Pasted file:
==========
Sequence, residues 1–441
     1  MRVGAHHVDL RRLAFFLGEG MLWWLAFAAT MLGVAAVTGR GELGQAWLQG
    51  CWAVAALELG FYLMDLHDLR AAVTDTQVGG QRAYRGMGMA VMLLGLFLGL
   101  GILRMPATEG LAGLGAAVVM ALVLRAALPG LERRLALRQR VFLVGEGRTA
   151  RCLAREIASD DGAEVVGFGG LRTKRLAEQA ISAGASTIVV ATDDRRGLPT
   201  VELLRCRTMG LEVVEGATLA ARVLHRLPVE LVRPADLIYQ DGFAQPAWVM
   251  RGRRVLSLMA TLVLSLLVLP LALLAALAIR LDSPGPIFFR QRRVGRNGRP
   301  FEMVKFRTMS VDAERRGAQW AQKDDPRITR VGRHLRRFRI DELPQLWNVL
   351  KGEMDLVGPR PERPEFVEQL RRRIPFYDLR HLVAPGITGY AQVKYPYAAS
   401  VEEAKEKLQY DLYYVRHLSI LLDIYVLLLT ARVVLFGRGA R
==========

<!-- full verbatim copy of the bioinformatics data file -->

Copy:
Sequence, residues 1–441
     1  MRVGAHHVDL RRLAFFLGEG MLWWLAFAAT MLGVAAVTGR GELGQAWLQG
    51  CWAVAALELG FYLMDLHDLR AAVTDTQVGG QRAYRGMGMA VMLLGLFLGL
   101  GILRMPATEG LAGLGAAVVM ALVLRAALPG LERRLALRQR VFLVGEGRTA
   151  RCLAREIASD DGAEVVGFGG LRTKRLAEQA ISAGASTIVV ATDDRRGLPT
   201  VELLRCRTMG LEVVEGATLA ARVLHRLPVE LVRPADLIYQ DGFAQPAWVM
   251  RGRRVLSLMA TLVLSLLVLP LALLAALAIR LDSPGPIFFR QRRVGRNGRP
   301  FEMVKFRTMS VDAERRGAQW AQKDDPRITR VGRHLRRFRI DELPQLWNVL
   351  KGEMDLVGPR PERPEFVEQL RRRIPFYDLR HLVAPGITGY AQVKYPYAAS
   401  VEEAKEKLQY DLYYVRHLSI LLDIYVLLLT ARVVLFGRGA R